2021 TaylorMade Spider X, EX, S, and SR putters offer improved roll, feel, and forgiveness

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Building putters is about creating options and incorporating technology. For TaylorMade’s all-new Spider putters for 2021—including the Spider X Hydro Blast, EX, Spider S, and SR—it’s the little details that make big differences.

“With this new class of Spider putters, we focused on removing two of those variables: aim and alignment … While each putter brings something unique to the table, they are bonded by a foundation of forgiveness, stability, and True Path alignment that makes it easier to aim.” – Bill Price, Product Creation, Putters & Wedge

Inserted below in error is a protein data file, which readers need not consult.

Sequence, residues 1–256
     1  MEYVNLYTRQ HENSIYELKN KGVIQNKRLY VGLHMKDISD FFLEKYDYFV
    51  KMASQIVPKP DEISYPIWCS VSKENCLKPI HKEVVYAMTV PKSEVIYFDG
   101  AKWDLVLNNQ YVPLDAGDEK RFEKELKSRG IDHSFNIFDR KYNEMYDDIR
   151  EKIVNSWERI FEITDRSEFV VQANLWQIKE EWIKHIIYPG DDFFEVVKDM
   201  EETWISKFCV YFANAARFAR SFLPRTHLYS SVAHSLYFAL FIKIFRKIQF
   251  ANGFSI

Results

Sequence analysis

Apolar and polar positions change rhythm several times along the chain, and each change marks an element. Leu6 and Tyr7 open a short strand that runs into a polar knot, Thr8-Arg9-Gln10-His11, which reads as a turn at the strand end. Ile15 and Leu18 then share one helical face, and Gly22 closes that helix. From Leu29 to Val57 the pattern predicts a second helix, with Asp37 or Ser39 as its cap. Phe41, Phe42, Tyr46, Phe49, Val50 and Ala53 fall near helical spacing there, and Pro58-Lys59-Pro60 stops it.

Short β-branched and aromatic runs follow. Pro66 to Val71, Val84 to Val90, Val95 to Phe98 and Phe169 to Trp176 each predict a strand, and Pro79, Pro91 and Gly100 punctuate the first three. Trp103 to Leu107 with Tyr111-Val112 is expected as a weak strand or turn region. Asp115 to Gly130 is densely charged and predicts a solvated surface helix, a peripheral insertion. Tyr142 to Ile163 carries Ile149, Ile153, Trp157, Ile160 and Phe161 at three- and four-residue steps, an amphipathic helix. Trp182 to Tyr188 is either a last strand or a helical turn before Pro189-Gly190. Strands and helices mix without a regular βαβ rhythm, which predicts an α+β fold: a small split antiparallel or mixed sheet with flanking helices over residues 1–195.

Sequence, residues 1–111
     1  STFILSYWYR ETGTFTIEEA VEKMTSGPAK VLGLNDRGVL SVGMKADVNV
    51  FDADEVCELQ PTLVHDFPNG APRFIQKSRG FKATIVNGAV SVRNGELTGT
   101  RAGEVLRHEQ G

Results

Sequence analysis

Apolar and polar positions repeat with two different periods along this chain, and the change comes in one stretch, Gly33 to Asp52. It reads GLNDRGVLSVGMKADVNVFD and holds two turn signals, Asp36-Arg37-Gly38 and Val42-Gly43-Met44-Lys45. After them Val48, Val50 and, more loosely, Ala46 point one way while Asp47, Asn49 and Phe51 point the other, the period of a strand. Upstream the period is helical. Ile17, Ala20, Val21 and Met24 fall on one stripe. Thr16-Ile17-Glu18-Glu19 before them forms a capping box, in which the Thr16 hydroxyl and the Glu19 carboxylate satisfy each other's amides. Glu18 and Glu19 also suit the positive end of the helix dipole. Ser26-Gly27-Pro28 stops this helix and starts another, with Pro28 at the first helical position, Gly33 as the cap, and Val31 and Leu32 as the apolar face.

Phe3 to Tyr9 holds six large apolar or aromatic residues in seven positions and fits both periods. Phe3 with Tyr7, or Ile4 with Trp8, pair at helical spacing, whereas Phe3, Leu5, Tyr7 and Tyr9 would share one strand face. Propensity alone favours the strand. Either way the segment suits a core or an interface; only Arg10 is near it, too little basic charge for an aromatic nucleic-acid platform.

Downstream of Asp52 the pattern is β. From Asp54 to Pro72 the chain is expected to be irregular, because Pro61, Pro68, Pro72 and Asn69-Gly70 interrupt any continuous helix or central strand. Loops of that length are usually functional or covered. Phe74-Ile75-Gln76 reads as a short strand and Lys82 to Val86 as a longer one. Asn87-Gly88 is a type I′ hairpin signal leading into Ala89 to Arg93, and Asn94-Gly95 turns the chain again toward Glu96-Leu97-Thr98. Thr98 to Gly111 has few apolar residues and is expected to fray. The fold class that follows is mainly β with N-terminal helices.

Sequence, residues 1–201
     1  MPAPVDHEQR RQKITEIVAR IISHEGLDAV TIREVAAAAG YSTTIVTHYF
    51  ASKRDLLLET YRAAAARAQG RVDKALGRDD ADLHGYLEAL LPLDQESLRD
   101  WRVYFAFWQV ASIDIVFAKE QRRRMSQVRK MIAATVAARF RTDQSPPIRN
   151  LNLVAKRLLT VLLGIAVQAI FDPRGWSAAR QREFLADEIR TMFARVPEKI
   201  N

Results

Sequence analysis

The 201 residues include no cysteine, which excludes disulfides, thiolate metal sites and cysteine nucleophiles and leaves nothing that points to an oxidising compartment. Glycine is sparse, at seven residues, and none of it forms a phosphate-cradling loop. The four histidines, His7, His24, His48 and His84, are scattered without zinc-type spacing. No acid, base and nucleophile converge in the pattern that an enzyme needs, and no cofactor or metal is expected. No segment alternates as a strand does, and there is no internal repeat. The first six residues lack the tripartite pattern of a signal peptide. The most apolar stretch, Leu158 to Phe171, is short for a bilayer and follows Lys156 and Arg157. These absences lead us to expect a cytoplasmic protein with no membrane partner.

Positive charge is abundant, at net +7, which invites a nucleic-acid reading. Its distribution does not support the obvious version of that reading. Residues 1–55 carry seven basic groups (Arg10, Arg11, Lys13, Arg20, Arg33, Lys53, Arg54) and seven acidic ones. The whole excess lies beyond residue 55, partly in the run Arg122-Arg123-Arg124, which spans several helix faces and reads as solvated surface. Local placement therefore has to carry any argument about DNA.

The idea of a “classic” golf club or putter shape won’t generally have people reminiscing about a TaylorMade Spider, but the design has been around for well over a decade—and although it has gone through some design tweaks over the years, the modern Spider is here to stay

Spider X Hydro Blast

This putter is all about small changes to an already great design with the most notable being the Hydro Blast finishing process. The new Spider X also features

  • The classic Spider X head shape, available in both a face-balanced double-bend and a smaller slant neck with 21 degrees of toe hang.
  • Multimaterial construction to offer maximum stability and increased MOI.
  • White True Path for a high-contrast look that is easy to align

Availability and Price

Preorder for the Spider X Hydro Blast starts today, March 2, with putters arriving at retail starting March 12 with a price of $279.99.

The new Spider X will be available in stock lengths of 33″, 34″, and 35″ be completed with a KBS Chrome C-Taper Stepless shaft and Super Stroke Pistol GTR 1.0 grip.

Spider EX